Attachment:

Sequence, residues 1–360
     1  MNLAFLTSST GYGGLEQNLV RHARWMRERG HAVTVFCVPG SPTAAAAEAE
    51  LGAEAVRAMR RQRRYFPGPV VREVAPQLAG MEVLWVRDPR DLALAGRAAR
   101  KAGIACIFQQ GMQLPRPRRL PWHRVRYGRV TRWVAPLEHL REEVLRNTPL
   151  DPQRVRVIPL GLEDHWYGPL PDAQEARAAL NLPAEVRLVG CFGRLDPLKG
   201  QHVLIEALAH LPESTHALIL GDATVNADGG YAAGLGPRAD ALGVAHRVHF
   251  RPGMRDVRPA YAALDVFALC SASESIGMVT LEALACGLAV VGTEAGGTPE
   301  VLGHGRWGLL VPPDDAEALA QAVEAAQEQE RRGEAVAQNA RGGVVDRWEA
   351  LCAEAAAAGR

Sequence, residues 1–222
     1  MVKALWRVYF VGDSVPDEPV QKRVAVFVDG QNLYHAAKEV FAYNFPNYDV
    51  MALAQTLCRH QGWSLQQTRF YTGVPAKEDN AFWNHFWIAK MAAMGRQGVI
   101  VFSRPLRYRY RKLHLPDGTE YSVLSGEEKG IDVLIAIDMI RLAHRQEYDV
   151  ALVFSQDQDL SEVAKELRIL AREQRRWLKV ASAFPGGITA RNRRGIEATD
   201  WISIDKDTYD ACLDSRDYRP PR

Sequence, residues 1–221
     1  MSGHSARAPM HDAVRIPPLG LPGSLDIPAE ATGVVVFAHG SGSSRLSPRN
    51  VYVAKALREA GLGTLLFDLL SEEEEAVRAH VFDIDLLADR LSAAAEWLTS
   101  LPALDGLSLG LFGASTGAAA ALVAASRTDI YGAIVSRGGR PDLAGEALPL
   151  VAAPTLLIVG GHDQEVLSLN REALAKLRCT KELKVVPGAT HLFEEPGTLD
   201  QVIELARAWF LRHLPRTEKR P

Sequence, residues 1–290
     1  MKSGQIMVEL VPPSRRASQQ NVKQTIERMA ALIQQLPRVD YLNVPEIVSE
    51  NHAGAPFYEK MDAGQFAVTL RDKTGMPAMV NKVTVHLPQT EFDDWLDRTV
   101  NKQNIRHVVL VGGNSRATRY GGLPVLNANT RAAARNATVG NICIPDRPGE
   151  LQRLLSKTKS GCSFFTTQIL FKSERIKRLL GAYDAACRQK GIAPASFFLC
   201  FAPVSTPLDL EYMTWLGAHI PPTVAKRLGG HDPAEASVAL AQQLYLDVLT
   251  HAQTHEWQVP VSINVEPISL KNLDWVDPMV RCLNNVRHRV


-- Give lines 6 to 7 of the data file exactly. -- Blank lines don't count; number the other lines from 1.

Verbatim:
   201  QHVLIEALAH LPESTHALIL GDATVNADGG YAAGLGPRAD ALGVAHRVHF
   251  RPGMRDVRPA YAALDVFALC SASESIGMVT LEALACGLAV VGTEAGGTPE